"I was at a soiree one evening, looking around, and I saw that all of the men were very handsome in their tuxedos, and that it was an outfit that flatters everyone," says Saint Laurent. "Since I'd put women in trouser suits, it seemed natural to do a smoking suit.
"What I would have loved to have done with the jean, I achieved with the smoking suit. That's to say, I created something that looked equally chic on men and women."

Soon the smoking took on a life of its own, becoming a recurring theme in Saint Laurent's repertoire. It went through many evolutions and versions.
"It changed over the years," he says. "The smoking existed with skirts, with Bermudas, with trousers. There were smoking coats and a smoking dress in muslin with a smoking collar and cuffs.
"It's part of the house's legends," he continues. "It's something very personal for me. It's one of the things I did best. Because it was always a success and I never had difficulty getting a smoking right."
Yet Saint Laurent says there are "secrets" to getting it right, including the magical "touch of the iron" involved in the positioning of the collar and sleeves.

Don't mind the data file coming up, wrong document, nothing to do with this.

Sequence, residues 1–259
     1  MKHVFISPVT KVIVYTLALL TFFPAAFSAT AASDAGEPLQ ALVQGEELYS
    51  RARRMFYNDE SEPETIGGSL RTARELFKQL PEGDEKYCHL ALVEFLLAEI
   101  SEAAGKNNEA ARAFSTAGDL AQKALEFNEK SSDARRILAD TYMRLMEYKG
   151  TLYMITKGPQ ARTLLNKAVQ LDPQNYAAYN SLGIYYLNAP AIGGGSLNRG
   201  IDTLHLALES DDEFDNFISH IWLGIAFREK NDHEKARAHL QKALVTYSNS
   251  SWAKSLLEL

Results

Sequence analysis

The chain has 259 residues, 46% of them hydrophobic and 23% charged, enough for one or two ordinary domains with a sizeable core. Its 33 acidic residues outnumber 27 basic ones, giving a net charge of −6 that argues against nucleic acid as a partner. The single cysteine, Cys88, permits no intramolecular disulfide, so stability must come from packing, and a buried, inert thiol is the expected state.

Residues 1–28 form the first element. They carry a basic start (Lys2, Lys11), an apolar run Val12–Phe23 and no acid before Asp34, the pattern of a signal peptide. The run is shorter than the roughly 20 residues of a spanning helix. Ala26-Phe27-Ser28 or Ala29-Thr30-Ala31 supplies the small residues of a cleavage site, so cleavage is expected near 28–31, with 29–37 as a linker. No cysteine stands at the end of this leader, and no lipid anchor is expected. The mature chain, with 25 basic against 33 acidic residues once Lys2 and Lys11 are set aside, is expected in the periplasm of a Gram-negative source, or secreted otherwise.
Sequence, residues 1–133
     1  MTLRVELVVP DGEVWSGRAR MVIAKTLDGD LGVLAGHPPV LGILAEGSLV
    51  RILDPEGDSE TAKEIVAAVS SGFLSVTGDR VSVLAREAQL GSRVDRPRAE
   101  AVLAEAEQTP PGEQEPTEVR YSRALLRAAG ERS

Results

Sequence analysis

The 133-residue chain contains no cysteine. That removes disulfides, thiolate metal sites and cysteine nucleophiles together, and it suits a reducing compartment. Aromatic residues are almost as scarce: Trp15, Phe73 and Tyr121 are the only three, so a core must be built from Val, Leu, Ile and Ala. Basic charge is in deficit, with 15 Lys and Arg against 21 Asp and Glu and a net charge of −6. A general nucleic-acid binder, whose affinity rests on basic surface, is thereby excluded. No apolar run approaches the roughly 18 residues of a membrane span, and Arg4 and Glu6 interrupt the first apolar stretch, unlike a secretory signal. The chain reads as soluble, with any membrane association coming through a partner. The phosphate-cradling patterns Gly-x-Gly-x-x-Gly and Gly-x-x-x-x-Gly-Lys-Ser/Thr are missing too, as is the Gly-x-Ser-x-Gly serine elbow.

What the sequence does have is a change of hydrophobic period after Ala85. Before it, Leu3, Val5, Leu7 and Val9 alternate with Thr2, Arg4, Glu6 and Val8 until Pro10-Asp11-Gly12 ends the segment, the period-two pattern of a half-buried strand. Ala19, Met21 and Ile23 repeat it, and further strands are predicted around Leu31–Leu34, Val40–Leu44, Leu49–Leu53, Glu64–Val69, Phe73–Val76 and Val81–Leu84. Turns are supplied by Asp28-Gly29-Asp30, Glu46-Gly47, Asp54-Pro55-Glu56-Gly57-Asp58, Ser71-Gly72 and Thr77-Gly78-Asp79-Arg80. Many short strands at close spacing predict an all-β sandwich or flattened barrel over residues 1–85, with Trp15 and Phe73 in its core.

"It's something that is not easy to do," he says. "It requires great technical skill."
Recently, Saint Laurent says, he feels good, his physical health improved — though he still suffers from a shoulder injury that keeps him from sketching — and his disposition brighter.
"Thank God I no longer think up new ideas for dresses," he quips. "It would be too much to handle."
He also is happier with the direction of YSL Rive Gauche since Tom Ford's departure. He said YSL designer Stefano Pilati consults the archives on a regular basis.
"Some of what he does is good," says Saint Laurent of Pilati. "Some of it is not so good."

...
"I read often, but I also get bored," he continues. "It's because I miss it, but I think I would be incapable of starting up again, because I don't like what fashion has become. Times have changed. Women have changed.
"But when I look at the magazines, what I see is so scary that I don't regret having retired," he adds. "Chic is a mélange of the personality of the woman and the clothes that she wears."



in memorium...
excerpts from wwd.com

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26-09-2005